It is estimated that the value of an ASF Asian market vaccine over a period of four years is likely be in the region of US$112 million. There has undoubtedly been an increase in patenting activity with respect to ASF related technologies filed globally over the past 10 years. Bearing in mind that patent filing data may not yet be fully disclosed for applications filed in 2019, the average increase of filings year-on-year appears to be around 13%. Based on this trend, Animal Pharm expects growth in both patent filings as well as private and public sector funding into related R&D to continue.
A mixture of both public and private-sector organisations appears to be applicants/assignees (the owners) on ASF-related patents. Some notable top-10 applicants/assignees include the University of Yangzhou (China), Qingdao Agricultural University (China), US Department of Agriculture, with a focus on the ASFV Georgia 2007 isolate, and Boehringer Ingelheim Vetmedica (DE). Some of these organisations either have, or are in the process of, commercialising their vaccine technologies. There are also other forms of interventions being developed, including genetically modified pigs which are resistant to ASF.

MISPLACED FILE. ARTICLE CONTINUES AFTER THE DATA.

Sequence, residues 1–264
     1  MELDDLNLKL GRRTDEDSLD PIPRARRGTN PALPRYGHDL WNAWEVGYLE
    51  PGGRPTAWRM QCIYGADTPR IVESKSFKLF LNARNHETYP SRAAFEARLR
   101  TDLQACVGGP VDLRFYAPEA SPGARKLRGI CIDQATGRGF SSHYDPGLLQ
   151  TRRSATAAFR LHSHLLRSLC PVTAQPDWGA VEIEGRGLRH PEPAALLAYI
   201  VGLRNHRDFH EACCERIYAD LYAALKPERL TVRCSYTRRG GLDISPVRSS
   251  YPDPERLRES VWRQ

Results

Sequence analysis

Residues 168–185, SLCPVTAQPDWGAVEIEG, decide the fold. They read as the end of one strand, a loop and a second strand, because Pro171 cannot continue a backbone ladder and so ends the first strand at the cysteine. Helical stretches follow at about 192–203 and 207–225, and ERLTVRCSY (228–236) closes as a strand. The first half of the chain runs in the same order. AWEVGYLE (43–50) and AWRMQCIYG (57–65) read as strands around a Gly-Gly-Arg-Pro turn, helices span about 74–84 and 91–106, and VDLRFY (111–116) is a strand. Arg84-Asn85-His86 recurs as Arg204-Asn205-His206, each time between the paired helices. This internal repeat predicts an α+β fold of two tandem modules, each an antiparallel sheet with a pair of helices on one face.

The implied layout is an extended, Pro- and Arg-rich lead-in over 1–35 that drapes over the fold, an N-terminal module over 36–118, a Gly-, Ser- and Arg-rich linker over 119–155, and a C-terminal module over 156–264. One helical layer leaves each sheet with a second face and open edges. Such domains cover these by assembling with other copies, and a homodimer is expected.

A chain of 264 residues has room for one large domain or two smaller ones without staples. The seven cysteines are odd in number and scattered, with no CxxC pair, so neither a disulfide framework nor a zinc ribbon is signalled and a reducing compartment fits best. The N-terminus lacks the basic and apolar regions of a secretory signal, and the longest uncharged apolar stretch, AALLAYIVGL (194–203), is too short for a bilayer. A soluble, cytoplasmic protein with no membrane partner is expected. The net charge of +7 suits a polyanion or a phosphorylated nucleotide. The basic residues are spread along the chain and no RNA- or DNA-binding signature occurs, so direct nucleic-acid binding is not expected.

The European Commission estimates a timeline of around eight years with a probability of success varying between 50 and 80%. In the short-term, live attenuated vaccines (LAVs) are the most promising candidates, but further research is needed to confirm their safety and efficacy in long-term controlled experiments.
To find out more about the global trajectory of African Swine Fever, download a sample of our latest 111-page African Swine Feverreport, authored by Ingentium Limited.